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Valsartan: a novel angiotensin type 1 receptor antagonist.

Author(s): Thurmann PA

Affiliation(s): Philipp Klee-Institute of Clinical Pharmacology, Hospital Wuppertal GmbH, Arrenberger Str. 20, 42117 Wuppertal, Germany. thuermann@klinikum-wuppertal.de

Publication date & source: 2000-01, Expert Opin Pharmacother., 1(2):337-50.

Publication type: Review

Valsartan is a highly selective, orally available antagonist of the angiotensin Type 1 (AT1) receptor. It is indicated for treatment of mild to moderate essential hypertension. Experimental studies have confirmed the abolition or attenuation of angiotensin II (AII)-related effects, such as vasoconstriction, cell growth promotion and aldosterone release. In humans, valsartan is rapidly absorbed with maximal plasma concentrations occurring 1-2 h after oral administration. The elimination half-life comes to about 7-8 h, valsartan is metabolised to a negligible extent and most of the drug is excreted via the faeces. There is no dose adjustment required for patients with a creatinine clearance > 10 ml/min. The dose should not exceed 80 mg o.d. in patients with hepatic dysfunction, valsartan is not recommended for patients with severe hepatic dysfunction and/or biliary cirrhosis. At present, no clinically relevant pharmacokinetic drug interactions have been observed. Valsartan produces persistent blood pressure reductions in patients with mild to moderate hypertension, the recommended starting dose is 80 mg o.d. If required, the dose may either be increased to 160 mg o.d. or hydrochlorothiazide may be added. In comparison to other antihypertensive drugs valsartan therapy leads to similar blood pressure reductions, while exhibiting a favourable tolerability profile. Preliminary studies suggest beneficial effects in patients with hypertensive end-organ damage such as renal disease and left ventricular hypertrophy. Furthermore, the drug is evaluated for its efficacy in heart failure and patients post-myocardial infarction.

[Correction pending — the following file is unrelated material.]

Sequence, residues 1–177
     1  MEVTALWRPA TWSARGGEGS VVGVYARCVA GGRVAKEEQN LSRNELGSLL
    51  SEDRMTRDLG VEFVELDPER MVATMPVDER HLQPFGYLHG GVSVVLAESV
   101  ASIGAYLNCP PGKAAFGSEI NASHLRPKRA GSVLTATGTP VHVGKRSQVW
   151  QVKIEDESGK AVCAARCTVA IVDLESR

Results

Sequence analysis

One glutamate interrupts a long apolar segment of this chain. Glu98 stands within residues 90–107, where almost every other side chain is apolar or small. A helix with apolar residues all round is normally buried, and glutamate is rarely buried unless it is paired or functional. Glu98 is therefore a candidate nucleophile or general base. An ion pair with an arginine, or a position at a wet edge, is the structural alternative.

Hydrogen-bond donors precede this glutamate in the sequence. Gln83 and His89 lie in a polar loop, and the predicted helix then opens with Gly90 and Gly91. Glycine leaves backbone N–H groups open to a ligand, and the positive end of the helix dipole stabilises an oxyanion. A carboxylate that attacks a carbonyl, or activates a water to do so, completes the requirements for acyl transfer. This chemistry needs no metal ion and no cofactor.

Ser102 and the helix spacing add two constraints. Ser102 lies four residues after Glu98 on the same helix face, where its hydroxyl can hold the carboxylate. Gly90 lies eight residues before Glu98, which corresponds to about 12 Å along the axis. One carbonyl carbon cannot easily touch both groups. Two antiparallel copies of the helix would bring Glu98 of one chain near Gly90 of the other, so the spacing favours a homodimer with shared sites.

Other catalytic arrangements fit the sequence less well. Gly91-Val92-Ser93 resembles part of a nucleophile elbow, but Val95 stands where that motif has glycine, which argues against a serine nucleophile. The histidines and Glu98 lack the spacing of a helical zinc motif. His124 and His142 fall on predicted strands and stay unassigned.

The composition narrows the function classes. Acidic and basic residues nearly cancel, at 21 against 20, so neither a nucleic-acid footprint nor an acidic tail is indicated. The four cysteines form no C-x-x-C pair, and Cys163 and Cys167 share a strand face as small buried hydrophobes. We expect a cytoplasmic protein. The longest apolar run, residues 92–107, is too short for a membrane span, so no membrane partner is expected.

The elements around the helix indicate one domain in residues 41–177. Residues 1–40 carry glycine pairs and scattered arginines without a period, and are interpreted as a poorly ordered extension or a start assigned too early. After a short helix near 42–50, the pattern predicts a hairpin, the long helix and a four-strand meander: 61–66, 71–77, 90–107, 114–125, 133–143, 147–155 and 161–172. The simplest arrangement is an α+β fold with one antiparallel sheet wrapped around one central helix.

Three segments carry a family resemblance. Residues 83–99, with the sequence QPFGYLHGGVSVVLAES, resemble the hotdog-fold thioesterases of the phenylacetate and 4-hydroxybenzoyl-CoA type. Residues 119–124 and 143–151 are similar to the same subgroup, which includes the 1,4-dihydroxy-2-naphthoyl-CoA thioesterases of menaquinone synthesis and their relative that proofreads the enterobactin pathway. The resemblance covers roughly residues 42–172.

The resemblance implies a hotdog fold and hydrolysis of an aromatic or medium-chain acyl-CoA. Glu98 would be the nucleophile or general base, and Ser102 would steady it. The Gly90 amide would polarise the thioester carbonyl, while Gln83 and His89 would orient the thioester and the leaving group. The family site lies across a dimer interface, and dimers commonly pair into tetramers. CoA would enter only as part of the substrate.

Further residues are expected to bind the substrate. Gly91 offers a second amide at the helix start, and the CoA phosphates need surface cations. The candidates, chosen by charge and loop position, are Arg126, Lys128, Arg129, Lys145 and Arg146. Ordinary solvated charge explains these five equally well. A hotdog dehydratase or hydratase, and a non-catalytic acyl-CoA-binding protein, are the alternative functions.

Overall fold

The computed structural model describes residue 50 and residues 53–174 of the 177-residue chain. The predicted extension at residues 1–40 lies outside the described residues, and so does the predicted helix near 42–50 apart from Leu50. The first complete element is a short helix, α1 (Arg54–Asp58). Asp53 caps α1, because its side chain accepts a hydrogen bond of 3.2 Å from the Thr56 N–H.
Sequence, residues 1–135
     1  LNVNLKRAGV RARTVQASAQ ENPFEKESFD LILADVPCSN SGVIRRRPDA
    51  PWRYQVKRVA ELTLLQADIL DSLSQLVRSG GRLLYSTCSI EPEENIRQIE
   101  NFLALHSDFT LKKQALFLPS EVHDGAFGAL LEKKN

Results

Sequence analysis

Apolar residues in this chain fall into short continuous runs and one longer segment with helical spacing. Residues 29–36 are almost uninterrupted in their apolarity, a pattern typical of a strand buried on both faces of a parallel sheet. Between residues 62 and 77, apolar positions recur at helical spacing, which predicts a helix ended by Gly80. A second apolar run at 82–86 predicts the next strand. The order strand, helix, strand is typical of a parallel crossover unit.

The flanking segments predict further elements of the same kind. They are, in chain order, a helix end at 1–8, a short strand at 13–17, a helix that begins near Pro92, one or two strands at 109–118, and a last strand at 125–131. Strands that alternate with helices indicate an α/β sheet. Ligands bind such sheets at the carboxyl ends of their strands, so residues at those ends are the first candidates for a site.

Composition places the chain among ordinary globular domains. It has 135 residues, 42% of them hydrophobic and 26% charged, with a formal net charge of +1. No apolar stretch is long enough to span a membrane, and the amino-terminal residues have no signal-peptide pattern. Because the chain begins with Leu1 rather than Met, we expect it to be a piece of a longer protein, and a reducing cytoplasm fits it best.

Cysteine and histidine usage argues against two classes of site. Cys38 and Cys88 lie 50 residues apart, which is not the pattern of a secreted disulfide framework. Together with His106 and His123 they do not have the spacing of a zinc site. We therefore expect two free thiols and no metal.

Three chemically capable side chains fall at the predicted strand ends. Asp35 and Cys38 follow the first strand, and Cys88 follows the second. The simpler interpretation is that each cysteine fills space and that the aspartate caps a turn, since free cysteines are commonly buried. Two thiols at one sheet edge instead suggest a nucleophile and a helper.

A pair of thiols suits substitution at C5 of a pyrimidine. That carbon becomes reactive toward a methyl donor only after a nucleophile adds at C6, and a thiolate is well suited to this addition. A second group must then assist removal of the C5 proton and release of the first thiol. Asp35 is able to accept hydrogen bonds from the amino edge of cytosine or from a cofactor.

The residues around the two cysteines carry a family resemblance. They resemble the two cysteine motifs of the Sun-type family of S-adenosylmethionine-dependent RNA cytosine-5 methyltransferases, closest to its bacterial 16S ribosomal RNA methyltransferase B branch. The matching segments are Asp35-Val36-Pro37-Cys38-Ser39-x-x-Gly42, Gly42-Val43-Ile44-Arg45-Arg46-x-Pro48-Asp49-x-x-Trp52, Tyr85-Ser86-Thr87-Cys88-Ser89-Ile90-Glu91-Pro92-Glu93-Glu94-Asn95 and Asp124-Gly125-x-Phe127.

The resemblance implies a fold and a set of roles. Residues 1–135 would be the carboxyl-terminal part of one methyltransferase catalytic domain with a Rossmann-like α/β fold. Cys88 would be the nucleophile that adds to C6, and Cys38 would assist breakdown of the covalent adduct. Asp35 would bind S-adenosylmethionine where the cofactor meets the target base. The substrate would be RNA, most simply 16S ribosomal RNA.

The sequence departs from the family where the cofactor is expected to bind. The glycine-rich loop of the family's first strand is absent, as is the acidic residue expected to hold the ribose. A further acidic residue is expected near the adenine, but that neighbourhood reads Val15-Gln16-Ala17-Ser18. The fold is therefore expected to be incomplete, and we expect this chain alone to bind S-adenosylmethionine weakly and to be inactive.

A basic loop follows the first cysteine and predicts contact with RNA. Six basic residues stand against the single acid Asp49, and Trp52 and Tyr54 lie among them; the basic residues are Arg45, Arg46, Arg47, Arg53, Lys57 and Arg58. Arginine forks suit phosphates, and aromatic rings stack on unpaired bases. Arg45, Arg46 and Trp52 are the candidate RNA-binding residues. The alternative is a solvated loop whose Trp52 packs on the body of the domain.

Page last updated: 2006-01-31

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